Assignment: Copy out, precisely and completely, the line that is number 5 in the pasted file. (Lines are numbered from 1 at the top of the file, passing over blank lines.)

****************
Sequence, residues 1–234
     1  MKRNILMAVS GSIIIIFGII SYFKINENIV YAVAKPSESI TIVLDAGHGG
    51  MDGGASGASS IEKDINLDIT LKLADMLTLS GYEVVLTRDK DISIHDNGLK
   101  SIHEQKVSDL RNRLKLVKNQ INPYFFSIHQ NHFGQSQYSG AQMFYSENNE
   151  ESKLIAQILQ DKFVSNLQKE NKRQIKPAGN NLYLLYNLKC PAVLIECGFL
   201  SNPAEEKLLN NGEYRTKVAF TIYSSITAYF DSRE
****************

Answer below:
   151  ESKLIAQILQ DKFVSNLQKE NKRQIKPAGN NLYLLYNLKC PAVLIECGFL